How many times have you reviewed a question that you missed in practice and had that “face-palm” moment in which you realize that you missed something because you stopped too soon or solved for the opposite or just a portion of what the question was asking for? It happens too many times for most test-takers. So many of the mistakes made on the GMAT are avoidable errors. This is especially true on the simpler quantitative problems, because test-takers commonly let their guard down on the easier problems. They take the moment to breathe and end up walking straight into an easy error even though they understand the concept being tested.

Take this question for example:

There are 84 supermarkets in the FGH chain. All of them are either in the US or Canada. If there are 22 more FGH supermarkets in the US than in Canada, how many FGH supermarkets are there in the US?

a. 20

b. 31

c. 42

d. 53

e. 64

There are two variables in this word problem, US supermarkets and Canadian supermarkets. First, many people default to “X” and “Y” as standard variables; however, if it is possible, strive to pick variables that better represent the items in the question because “X” and “Y” are easily confused at the end of the question and can easily lead to the “face-palm” answer choice. Let’s avoid that possibility here by using U and C as we translate the two equations in this word problem. As Lucas has mentioned previously, be systematic about how you unpack a word problem.

“There are 22 more FGH supermarkets in the US than in Canada.”

U = 22 + C

Also, “there are 84 supermarkets in the FGH chain.”

U + C = 84

Here’s how one could understand the math but still easily miss this question. Because the first equation already has “U” isolated, most test-takers will substitute that directly into the 2^{nd} equation. While this is mathematically legal, immediately taking the most obvious and familiar route before thinking carefully about where you are headed in order to solve for US supermarkets leads right to the “face-palm” answer choice that is lying in wait.

(22 + C) + C = 84

22 + 2C = 84

2C = 62

C = 31

This seems fairly simple mathematically, and answer choice “B” is sitting there as a possibility; however, it’s not the answer to the actual question. Answer choice “B” represents the number of Canadian supermarkets instead of the asked for US supermarkets. You can see how this could be especially confusing if we were using just “X” and “Y” as the variables.

To avoid this potential situation with two variables, it’s usually best either to use combination if you are going to do the math or to backsolve starting with answer choice B or D as the number of US supermarkets.

In combination, we would want to make sure that the “C” can cancel out, leaving us with the desired “U” at the end.

U – C = 22 (first equation rearranged in line with the second equation)

+ ( U + C = 84)

2U = 106

U = 53, which is the correct answer

Let’s take a look at one more in which a simple problem can easily go awry if you don’t stay on your toes.

The officers of a local charity met together to address 500 invitations to an upcoming fundraising event. If they addressed 1/5 of the invitations in the first hour, and 3/8 of the remaining invitations in the second hour, how many invitations remained to be addressed after the first two hours?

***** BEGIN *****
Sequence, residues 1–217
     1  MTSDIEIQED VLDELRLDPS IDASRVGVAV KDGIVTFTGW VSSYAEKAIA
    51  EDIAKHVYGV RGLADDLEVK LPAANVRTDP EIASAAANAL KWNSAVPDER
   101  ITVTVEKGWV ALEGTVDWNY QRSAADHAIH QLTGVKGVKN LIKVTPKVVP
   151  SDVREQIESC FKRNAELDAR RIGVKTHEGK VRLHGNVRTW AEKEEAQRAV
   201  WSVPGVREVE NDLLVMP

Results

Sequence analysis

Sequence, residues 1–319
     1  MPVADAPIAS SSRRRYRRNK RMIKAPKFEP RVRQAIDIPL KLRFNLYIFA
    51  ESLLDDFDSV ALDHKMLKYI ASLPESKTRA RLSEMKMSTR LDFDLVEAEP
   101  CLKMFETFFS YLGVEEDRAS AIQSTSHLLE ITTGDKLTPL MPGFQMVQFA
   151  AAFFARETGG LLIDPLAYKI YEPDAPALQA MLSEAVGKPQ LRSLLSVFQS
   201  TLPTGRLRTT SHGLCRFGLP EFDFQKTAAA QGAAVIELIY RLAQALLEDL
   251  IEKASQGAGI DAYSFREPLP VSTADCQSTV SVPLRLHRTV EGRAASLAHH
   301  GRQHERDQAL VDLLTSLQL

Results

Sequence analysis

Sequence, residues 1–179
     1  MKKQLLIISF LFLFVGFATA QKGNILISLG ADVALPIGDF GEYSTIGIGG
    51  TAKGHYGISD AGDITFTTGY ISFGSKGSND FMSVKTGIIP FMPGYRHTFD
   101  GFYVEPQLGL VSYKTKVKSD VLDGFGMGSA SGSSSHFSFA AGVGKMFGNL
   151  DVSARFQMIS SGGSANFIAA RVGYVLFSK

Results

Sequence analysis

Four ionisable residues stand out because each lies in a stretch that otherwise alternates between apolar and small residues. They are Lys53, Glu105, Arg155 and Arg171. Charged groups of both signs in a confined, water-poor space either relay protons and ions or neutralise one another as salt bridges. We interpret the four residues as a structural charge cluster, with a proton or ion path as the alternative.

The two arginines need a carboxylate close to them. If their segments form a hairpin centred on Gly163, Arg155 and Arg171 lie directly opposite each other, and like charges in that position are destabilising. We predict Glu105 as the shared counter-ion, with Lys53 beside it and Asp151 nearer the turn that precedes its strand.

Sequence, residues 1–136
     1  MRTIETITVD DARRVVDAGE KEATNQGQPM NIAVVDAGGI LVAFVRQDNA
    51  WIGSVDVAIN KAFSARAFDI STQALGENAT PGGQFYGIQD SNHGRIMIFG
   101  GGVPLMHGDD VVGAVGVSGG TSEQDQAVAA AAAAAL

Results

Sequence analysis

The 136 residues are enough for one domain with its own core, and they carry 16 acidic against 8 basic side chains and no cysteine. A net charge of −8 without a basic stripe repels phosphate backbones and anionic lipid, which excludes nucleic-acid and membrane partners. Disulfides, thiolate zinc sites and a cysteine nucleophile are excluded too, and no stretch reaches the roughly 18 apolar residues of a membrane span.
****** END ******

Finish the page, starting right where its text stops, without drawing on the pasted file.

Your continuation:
a. 100

b. 150

c. 250

d. 350

e. 400

As you work toward the asked for number of invitations left to be addressed after two hours, all of the answer choices in this question are numbers that you could get using the information in the question.

(1/5)500 = 100 –> the number addressed in the first hour and incorrect answer choice A

500-100 = 400 –> the number remaining after one hour and incorrect answer choice E

(3/8)400 = 150 –> the number addressed in the second hour and incorrect answer choice B

500 – 150 = 350 –> the number remaining if you only take hour 2 into consideration and incorrect answer choice D

500-250 = 250 – the correct answer and answer choice C!

While this problem is lower difficulty in terms of actual math content, there are plenty of opportunities for missteps built in. The big take-away from this information is that you must stay on your toes throughout the test and make sure that you double-check that you have solved for what the question is really asking. The test-makers build in opportunities for these missteps into many questions on the test, especially the quantitative questions with multiple steps. Always be systematic and deliberate as you drive towards the specific goal of the question.

If you ever find yourself in a “face-palm” moment as you prep for test day, and we’ve all had them, make sure that your action steps going forward include “confirm the answer every time”! Don’t give up points on test day because of a small misstep when you understand the underlying concept!

Serina Isch has taught for Kaplan since 2009. As a former high school English teacher, she started with the pre-college tests ACT, SAT, and PSAT but soon transitioned to grad with the addition of the GRE to her repertoire. Since that time, she also has added the GMAT and LSAT and has scored at the 95th percentile or higher in each test that she teaches. She is a full-time Kaplan instructor who teaches and tutors both on-site and in the anywhere classroom. Serina was named the Kaplan’s Oklahoma Teacher of the year in 2009, 2010, and 2011 and was named Kaplan’s Grad South Region Teacher of the Year in 2010. She holds a BA, summa cum laude, in English from Oklahoma State University and is currently finishing an MA in Technology in Education from Teachers College, Columbia University. When she isn’t helping students get into the grad program of their dreams with Kaplan or working on her own degree, Serina loves to hang out with her two kiddos and her husband Chris, volunteer at her kids’ elementary school, and read anything she can get her hands on.